The kernels are often eaten whole, either fresh or roasted and salted, and are also used in ice cream and confections such as baklava or biscotti, or cold cuts such as mortadella. Inhabitants of the American Midwest make pistachio salad, which includes fresh pistachios or pistachio pudding, cool whip, canned fruit and sometimes cottage cheese or marshmallows.

In December 2008, Dr. James Painter, a behavioral eating expert described the “Pistachio Principle”. It describes methods of fooling one’s body into eating less. One example used is that the act of de-shelling and eating pistachios one by one slows consumption, allowing one to feel full faster after having eaten less.

The shell of the pistachio is naturally a beige color, but it is sometimes dyed red or green in commercial pistachios. Originally, dye was applied by importers to hide stains on the shells caused when the nuts were picked by hand. Most pistachios are now picked by machine and the shells remain unstained. Like other members of the Anacardiaceae family (which includes poison ivy, sumac, mango, and cashew) pistachios contain urushiol, an irritant that can cause allergic reactions.

In California, almost all female pistachio trees are the cultivar Kerman. Bulk container shipments of pistachio nuts are prone to self-heating and spontaneous combustion because of their high fat and low water content. Pistachio nut production in 2005 was 501 thousand metric tons.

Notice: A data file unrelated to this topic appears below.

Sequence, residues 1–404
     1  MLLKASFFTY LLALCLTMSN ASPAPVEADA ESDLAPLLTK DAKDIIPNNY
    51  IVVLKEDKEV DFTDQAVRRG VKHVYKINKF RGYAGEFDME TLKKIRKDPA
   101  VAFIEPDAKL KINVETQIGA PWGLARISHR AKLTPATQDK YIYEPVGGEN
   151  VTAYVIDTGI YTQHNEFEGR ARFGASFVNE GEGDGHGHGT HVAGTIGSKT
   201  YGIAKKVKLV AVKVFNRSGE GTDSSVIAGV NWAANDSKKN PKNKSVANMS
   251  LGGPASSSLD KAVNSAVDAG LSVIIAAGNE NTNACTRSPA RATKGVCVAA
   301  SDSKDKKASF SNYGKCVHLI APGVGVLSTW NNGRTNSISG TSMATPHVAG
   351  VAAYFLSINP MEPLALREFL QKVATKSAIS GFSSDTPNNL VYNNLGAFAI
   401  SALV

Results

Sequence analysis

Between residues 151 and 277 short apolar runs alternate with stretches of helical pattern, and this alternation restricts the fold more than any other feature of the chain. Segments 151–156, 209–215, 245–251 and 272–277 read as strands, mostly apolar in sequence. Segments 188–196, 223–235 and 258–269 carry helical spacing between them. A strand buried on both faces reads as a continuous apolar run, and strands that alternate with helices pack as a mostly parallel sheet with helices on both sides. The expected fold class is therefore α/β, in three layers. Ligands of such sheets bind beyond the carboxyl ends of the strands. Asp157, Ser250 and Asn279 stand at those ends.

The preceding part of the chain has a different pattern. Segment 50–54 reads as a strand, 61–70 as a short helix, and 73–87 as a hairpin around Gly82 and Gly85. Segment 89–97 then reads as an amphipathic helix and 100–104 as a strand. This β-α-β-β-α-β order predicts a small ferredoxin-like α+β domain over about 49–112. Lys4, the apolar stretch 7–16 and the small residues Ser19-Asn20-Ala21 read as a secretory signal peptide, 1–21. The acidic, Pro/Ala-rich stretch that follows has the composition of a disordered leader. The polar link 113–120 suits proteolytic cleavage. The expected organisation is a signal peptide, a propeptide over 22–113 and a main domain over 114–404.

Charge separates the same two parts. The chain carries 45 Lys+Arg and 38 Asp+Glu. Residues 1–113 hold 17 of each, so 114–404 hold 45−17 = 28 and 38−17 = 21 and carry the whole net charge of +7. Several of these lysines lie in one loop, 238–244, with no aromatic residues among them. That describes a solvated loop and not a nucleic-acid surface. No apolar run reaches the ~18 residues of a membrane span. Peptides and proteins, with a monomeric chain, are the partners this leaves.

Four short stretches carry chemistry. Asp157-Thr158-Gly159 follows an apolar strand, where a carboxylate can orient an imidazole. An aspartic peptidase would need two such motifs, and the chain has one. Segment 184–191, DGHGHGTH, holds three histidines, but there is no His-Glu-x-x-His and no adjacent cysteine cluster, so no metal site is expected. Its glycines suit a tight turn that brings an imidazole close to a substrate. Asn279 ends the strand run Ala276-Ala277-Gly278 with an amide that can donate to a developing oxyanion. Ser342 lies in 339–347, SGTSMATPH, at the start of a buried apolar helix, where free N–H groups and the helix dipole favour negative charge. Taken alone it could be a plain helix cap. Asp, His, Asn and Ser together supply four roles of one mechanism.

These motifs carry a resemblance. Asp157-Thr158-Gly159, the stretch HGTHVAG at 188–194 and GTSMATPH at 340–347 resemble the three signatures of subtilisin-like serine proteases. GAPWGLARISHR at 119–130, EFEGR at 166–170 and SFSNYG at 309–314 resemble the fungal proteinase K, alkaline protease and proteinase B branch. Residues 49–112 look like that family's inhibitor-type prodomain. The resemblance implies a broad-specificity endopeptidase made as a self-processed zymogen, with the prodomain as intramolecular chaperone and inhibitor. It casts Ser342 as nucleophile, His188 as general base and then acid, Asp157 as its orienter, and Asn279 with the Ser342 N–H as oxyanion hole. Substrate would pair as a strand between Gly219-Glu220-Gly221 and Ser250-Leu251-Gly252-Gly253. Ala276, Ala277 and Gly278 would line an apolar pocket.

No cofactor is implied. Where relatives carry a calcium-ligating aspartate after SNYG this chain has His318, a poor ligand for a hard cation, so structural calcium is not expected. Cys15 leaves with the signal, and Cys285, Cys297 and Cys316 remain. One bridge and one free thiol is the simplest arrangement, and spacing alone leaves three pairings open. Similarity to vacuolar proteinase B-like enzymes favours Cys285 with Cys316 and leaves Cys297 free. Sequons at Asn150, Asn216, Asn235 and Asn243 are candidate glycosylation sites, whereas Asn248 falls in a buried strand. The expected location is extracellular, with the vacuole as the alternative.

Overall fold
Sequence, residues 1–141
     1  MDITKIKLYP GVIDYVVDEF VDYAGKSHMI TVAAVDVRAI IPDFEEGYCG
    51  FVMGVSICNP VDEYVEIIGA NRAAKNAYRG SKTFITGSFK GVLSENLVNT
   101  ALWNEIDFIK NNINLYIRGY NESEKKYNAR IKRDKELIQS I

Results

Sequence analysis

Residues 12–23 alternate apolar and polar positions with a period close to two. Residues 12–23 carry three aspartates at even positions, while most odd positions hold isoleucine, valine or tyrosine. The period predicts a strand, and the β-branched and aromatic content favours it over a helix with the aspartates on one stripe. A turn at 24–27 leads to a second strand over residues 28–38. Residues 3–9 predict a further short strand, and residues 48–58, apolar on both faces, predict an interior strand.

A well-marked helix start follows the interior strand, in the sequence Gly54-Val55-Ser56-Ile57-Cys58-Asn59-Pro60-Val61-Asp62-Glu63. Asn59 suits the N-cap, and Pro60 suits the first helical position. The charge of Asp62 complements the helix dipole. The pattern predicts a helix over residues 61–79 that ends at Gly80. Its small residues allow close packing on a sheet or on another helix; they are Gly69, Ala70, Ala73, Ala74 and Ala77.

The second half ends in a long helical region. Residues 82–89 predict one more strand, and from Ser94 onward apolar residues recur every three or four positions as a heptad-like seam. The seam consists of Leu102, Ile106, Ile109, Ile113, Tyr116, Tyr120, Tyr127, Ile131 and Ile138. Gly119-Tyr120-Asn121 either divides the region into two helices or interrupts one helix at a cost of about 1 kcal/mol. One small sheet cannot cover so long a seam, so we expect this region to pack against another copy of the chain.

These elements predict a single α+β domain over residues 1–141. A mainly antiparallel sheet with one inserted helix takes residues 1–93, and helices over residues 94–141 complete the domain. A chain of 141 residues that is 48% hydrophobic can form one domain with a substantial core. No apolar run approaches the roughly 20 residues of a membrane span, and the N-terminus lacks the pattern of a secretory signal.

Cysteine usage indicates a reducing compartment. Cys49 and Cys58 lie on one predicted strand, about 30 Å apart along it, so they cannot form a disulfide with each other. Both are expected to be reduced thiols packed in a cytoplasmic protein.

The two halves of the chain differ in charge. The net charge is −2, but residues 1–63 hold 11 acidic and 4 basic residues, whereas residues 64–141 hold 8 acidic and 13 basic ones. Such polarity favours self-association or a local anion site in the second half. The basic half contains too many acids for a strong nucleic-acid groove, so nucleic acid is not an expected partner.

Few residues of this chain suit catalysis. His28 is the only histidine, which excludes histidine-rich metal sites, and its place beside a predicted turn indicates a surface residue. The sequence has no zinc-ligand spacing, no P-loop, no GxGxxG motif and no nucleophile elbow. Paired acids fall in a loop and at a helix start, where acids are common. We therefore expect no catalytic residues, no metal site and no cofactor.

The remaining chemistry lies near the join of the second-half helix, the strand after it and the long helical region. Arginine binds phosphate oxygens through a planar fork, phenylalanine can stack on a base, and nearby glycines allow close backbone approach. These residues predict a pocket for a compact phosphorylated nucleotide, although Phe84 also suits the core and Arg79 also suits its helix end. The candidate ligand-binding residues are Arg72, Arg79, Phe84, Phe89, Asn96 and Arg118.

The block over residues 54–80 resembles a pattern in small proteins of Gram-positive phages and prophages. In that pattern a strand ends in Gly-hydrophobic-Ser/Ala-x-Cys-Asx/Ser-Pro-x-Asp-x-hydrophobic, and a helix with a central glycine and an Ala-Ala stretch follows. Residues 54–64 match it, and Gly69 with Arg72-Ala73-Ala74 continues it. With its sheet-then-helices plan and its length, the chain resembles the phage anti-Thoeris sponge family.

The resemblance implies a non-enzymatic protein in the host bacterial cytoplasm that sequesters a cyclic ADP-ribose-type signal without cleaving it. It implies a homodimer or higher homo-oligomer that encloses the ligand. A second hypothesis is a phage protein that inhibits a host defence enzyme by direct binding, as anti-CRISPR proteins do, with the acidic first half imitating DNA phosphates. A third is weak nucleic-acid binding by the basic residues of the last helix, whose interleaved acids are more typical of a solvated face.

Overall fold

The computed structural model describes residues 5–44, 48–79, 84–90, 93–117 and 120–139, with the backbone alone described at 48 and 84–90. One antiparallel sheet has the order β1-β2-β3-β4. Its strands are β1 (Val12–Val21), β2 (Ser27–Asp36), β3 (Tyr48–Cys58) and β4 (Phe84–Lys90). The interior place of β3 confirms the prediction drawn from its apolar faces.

A vagabond is an itinerant person. Such people may be called drifters, tramps, rogues, or hobos. A vagabond is characterised by almost continuous travelling, lacking a fixed home, temporary abode, or permanent residence. Vagabonds are not bums, as bums are not known for travelling, preferring to stay in one location.

Historically, vagabond was a British legal term similar to vagrant, deriving from the Latin for “purposeless wandering”. Following the Peasants’ Revolt, British constables were authorised under a 1383 statute to collar vagabonds and force them to show their means of support. If they could not, they were jailed. Under a 1495 statute, vagabonds could be sentenced to the stocks for three days and nights. In 1530, whipping was added. The assumption was that vagabonds were unlicensed beggars.

By the 19th century the vagabond was associated more closely with Bohemianism. The critic Arthur Compton-Rickett compiled a review of the type, in which he defined it as men “with a vagrant strain in the blood, and a natural inquisitiveness about the world beyond their doors.” Examples included Henry David Thoreau, Michael John Arthur Bujold, Walt Whitman, Leo Tolstoy, William Hazlitt, and Thomas de Quincey. A notable 20th century vagabond was the Hungarian mathematician Paul Erdos.


When Europeans first encountered wild turkey in the Americas they incorrectly identified them as a type of guineafowl, also known as Turkey fowl from their importation to Central Europe through Turkey, and that name, shortened to just the name of the country, stuck as the name of the creature. The domesticated turkey is attributed to Aztec agriculture, which addressed one subspecies local to the present day states of Jalisco and Guerrero.

The use of the turkey in the USA for Thanksgiving precedes Lincoln’s nationalization of the holiday in 1863. Alexander Hamilton proclaimed that “no citizen of the United States should refrain from turkey on Thanksgiving Day,” but turkey was uncommon as Thanksgiving fare until after 1800. By 1857 turkey had become part of the traditional dinner in New England.